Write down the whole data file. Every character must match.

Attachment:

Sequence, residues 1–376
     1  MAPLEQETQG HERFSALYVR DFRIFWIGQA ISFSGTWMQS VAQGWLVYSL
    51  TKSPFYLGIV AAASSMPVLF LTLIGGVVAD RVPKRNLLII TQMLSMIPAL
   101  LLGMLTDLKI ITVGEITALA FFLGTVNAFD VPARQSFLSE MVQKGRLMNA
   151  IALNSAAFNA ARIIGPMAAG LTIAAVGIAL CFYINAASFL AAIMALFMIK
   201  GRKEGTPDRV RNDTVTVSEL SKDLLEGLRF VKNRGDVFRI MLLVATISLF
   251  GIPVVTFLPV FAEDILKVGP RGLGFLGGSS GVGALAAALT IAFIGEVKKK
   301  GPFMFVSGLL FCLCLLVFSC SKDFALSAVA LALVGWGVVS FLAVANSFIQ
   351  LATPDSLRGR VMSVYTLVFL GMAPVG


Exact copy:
Sequence, residues 1–376
     1  MAPLEQETQG HERFSALYVR DFRIFWIGQA ISFSGTWMQS VAQGWLVYSL
    51  TKSPFYLGIV AAASSMPVLF LTLIGGVVAD RVPKRNLLII TQMLSMIPAL
   101  LLGMLTDLKI ITVGEITALA FFLGTVNAFD VPARQSFLSE MVQKGRLMNA
   151  IALNSAAFNA ARIIGPMAAG LTIAAVGIAL CFYINAASFL AAIMALFMIK
   201  GRKEGTPDRV RNDTVTVSEL SKDLLEGLRF VKNRGDVFRI MLLVATISLF
   251  GIPVVTFLPV FAEDILKVGP RGLGFLGGSS GVGALAAALT IAFIGEVKKK
   301  GPFMFVSGLL FCLCLLVFSC SKDFALSAVA LALVGWGVVS FLAVANSFIQ
   351  LATPDSLRGR VMSVYTLVFL GMAPVG